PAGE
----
Illegal drug re-importation plagues European countries

The pharmaceutical industry's programme of sending HIV/AIDS drugs to Africa at preferential prices has been undermined by re-importation of the cheap drugs to Europe to sell at full price. Several pharmaceutical companies provide essential medicines at prices near the cost of production to poor countries under the accelerating access initiative. However, some of their products have been found in store shelves in Europe.

  • An investigation by Belgian customs authorities found that at least three million doses of the drug Combivir – earmarked for sale in Africa at about $0.78 per dose – have found their way onto European pharmacists' shelves, where they sell for about $5.94 per dose.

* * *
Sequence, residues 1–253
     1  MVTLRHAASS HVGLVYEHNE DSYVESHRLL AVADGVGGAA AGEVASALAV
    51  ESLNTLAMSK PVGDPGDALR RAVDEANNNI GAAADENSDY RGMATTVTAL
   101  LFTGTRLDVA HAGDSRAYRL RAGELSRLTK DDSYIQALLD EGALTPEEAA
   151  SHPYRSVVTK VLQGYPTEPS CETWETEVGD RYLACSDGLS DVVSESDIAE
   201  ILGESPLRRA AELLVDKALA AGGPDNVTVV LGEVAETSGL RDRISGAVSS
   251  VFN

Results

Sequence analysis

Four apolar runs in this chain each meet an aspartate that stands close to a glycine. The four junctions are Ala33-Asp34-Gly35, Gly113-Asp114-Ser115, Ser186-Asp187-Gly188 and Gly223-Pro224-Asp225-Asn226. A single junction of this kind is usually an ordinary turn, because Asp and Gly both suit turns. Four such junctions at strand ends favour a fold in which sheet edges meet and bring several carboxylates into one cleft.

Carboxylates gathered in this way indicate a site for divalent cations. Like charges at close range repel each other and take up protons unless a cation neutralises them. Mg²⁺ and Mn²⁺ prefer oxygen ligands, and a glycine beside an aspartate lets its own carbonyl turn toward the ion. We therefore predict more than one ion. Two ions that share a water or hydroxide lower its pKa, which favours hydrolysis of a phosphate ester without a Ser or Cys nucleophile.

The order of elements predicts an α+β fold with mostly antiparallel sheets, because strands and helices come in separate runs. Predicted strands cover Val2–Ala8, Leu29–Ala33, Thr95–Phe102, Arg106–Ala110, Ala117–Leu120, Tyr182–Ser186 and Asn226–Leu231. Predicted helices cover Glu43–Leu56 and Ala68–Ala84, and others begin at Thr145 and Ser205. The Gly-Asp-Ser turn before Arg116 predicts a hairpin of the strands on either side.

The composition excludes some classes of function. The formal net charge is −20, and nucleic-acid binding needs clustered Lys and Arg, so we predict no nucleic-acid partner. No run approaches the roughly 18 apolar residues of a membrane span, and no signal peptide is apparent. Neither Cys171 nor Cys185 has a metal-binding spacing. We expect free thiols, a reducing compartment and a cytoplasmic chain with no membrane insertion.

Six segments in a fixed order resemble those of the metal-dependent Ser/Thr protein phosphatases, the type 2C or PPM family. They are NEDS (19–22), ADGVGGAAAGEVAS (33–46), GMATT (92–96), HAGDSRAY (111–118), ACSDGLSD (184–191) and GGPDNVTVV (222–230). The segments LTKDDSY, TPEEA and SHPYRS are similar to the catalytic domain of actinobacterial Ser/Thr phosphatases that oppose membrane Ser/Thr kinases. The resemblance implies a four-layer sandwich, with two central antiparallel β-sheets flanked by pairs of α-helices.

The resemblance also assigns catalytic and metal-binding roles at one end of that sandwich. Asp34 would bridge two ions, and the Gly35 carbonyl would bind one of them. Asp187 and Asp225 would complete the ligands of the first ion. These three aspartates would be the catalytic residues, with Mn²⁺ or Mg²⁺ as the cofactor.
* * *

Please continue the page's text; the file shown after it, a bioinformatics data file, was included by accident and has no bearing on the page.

• An estimated 28 shipments of GlaxoSmithKline's antiretroviral drugs, Epivir and Trizivir – with a retail value $28 million – went back to Antwerp through Paris and Brussels.

  • GlaxoSmithKline estimated that about a quarter of the drugs it had exported to Africa had come back to Europe.

    Many of the drugs were supposed to go to HIV/AIDS clinics in Senegal, the Ivory Coast, the Republic of Congo, Togo and Guinea-Bissau. The Dutch government has issued a recall of all batches of Combivir originally intended for use in Africa. At the very least, European laws against the re-importation of exported European goods were infringed.

    Source: Owen Dyer, Cost Price Drugs for Developing Countries are Found in Belgian Pharmacies, British Medical Journal, October 12, 2002.

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    For more on Drug Re-importation and Price Controls

    FMF Policy Bulletin\22 October 2002

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